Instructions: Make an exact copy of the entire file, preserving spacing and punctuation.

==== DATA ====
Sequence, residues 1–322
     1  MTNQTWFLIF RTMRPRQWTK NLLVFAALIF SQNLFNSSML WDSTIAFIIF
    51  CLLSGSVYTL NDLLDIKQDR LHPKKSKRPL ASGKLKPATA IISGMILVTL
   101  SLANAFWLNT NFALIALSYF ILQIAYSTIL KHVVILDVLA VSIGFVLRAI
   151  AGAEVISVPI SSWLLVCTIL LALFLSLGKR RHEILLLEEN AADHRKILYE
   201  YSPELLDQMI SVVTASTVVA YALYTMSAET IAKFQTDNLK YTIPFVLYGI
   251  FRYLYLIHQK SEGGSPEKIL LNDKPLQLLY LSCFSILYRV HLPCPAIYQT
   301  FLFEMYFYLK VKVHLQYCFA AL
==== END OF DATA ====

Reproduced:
Sequence, residues 1–322
     1  MTNQTWFLIF RTMRPRQWTK NLLVFAALIF SQNLFNSSML WDSTIAFIIF
    51  CLLSGSVYTL NDLLDIKQDR LHPKKSKRPL ASGKLKPATA IISGMILVTL
   101  SLANAFWLNT NFALIALSYF ILQIAYSTIL KHVVILDVLA VSIGFVLRAI
   151  AGAEVISVPI SSWLLVCTIL LALFLSLGKR RHEILLLEEN AADHRKILYE
   201  YSPELLDQMI SVVTASTVVA YALYTMSAET IAKFQTDNLK YTIPFVLYGI
   251  FRYLYLIHQK SEGGSPEKIL LNDKPLQLLY LSCFSILYRV HLPCPAIYQT
   301  FLFEMYFYLK VKVHLQYCFA AL